The Canadian housing boom will stop next year due to higher mortgage rates - a Reuters survey

The Canadian housing boom will stop next year due to higher mortgage rates – a Reuters survey

Author: Shrutee Sarkar

BENGALURU (Reuters) – Real estate price inflation in Canada will slow to 10% this year as the Bank of Canada aggressively raises interest rates, a Reuters survey of real estate experts found.

Although prices will fall slightly in 2023, this will not be enough to improve availability due to rising mortgage costs, the survey found.

Extremely low borrowing costs and pandemic-related incentives have contributed more than 50% to average house prices over the past two years, forcing the Canadian government to set a budget to make housing accessible.

However, home prices fell more than 6% in April, suggesting that the market is already cooling, although BoC Governor Tiff Macklem said further rate increases would be needed to reduce uncontrollable inflation, and pledged to do so if necessary. “strongly”. [CA/POLL]

“In the last two months, we have begun to see downward pressure on house prices, and this trend is likely to continue as interest rates continue to rise,” said John Pasalis, president of brokerage and research at Realosophy Realty.

“Another 100 bps increase in the BoC base interest rate and another 100 bps increase in 5-year (mortgage) rates will have a significant impact on the housing market,” Pasalis added.


Average real estate prices were expected to rise by 10.0% this year, compared with a 9.2% increase predicted in the March poll. While growth was expected to weaken for the rest of this year, stronger-than-expected gains so far have led to a higher average annual median forecast.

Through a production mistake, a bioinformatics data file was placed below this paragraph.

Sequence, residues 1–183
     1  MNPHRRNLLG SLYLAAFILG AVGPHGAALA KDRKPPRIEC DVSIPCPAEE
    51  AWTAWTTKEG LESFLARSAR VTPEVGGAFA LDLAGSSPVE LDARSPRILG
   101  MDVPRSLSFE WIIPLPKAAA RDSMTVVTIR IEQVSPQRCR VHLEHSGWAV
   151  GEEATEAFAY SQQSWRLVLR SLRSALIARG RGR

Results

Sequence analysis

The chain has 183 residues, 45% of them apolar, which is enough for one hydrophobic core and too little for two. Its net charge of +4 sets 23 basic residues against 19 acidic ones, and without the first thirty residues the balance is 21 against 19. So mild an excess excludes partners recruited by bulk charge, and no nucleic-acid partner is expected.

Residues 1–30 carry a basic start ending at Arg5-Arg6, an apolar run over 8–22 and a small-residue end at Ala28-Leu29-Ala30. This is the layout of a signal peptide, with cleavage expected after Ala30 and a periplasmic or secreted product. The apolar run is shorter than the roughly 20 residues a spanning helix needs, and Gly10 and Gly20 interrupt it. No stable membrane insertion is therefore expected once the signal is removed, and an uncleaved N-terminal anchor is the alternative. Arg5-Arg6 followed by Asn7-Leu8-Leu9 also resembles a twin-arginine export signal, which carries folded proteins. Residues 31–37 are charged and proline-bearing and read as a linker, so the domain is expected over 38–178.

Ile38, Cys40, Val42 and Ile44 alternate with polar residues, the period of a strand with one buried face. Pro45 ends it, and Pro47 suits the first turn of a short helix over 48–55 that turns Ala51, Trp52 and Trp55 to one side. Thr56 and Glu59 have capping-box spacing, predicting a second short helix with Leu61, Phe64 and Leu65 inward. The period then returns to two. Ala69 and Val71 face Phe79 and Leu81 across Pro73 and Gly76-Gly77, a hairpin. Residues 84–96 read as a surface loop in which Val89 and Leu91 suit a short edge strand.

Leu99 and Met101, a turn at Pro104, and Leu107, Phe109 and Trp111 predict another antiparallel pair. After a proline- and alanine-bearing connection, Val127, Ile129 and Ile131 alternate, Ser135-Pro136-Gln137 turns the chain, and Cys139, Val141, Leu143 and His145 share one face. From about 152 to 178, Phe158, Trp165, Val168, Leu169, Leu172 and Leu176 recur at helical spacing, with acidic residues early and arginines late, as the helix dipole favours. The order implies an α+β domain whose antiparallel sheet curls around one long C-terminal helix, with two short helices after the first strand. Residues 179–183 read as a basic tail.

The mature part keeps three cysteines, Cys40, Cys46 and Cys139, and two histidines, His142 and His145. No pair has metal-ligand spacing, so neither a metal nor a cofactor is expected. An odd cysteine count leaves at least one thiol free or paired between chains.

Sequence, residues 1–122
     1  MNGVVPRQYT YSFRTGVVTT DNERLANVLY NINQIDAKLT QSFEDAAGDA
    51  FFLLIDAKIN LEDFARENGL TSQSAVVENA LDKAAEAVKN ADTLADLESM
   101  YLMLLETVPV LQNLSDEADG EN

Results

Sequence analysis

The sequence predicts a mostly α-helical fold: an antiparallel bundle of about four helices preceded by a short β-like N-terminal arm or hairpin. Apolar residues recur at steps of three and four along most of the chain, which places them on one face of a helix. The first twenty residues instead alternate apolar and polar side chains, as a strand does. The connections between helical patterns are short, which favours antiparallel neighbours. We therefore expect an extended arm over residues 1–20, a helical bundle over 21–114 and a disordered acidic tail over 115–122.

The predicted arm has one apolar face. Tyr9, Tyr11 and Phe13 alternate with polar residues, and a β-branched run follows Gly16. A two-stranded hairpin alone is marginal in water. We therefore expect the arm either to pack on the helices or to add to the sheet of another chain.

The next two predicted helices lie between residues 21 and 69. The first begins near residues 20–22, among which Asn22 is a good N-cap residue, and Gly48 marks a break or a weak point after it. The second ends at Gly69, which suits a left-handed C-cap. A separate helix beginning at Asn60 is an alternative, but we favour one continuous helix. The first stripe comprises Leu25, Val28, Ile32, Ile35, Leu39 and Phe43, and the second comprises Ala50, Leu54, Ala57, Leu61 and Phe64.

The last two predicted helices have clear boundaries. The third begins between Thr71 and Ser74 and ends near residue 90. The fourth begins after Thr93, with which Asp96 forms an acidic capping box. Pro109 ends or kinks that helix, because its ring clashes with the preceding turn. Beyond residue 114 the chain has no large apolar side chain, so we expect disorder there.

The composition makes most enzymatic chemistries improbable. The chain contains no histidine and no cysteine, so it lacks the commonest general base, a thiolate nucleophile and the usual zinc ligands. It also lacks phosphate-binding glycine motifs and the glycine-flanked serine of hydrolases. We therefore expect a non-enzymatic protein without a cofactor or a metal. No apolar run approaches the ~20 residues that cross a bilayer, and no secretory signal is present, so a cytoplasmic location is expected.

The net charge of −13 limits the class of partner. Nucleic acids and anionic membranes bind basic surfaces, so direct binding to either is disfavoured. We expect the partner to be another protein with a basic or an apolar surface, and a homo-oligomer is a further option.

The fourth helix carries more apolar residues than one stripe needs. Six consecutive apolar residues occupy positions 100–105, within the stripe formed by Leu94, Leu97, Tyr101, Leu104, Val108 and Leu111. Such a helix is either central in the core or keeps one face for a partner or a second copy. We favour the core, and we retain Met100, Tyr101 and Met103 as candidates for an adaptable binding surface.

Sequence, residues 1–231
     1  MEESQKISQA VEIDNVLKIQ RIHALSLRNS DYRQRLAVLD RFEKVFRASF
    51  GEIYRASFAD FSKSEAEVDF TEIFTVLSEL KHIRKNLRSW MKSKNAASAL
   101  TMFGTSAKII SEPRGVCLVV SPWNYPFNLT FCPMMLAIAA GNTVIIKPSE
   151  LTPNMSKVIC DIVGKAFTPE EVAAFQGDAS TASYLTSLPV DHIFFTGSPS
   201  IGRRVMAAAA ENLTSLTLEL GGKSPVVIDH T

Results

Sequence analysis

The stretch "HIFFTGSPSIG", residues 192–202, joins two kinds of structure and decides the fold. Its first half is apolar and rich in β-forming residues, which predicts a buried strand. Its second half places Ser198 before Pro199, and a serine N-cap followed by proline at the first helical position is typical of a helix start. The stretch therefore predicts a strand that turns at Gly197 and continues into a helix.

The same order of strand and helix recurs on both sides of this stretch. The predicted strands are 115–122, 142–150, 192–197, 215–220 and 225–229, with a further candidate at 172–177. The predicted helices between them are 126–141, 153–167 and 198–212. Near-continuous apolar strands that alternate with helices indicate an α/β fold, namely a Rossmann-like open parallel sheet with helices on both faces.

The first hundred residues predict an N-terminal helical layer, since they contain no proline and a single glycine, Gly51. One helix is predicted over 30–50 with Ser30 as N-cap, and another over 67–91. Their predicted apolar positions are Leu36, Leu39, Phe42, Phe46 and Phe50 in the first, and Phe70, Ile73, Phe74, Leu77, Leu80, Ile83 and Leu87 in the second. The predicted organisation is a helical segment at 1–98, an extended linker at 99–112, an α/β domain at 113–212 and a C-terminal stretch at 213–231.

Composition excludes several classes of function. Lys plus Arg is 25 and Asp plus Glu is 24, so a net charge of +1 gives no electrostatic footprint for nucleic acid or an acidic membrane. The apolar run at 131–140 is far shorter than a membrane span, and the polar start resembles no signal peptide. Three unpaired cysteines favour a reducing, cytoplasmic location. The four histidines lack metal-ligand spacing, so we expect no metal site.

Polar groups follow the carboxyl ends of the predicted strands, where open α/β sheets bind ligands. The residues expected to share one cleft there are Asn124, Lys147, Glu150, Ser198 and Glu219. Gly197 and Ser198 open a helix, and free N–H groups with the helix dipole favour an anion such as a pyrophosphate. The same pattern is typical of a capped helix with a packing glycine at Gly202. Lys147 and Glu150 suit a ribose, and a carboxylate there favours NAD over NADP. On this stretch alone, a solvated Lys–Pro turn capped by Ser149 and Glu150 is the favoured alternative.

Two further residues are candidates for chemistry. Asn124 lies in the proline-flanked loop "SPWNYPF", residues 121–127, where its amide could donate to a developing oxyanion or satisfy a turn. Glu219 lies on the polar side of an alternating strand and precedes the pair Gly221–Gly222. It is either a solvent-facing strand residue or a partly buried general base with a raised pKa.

According to a survey between May 10 and 30, 13 market analysts predicted that house prices would fall by 2.2% next year and rise by 0.5% in 2024. This compared to an increase of 1.5% and 2.0% in the March survey.

When asked about availability for the first home buyers in the next two years, nine out of 13 respondents said they would get worse, including three who said they would get worse. The other four said it would improve.

Robert Hogue, chief economist at RBC, said: “Higher rates will be a huge challenge for buyers.

“We do not expect the federal budget for 2022 to prevent this. New federal initiatives will either not bring full benefits for some time or offer only marginal support to home buyers, such as doubling tax credits for first-time buyers.”

More than 85% of analysts, 12 out of 14, who answered another question, said that affordability in the rental market will worsen or worsen over the next two years. Only two said it would get better.

When asked how high interest rates would have to cause a significant slowdown in housing market activity, the median was 3.25%, with a forecast between 2.0% and 6.0%.

The BoC is expected to raise rates by 50 basis points to 1.50% on Wednesday. According to another Reuters survey, rates were expected to reach 2.50% by the end of 2022.

(More articles from Reuters’ quarterly housing market surveys 🙂

(Shrutee Sarkar report; Susobhan Sarkar and Anant Chandak polls; David Holmes)

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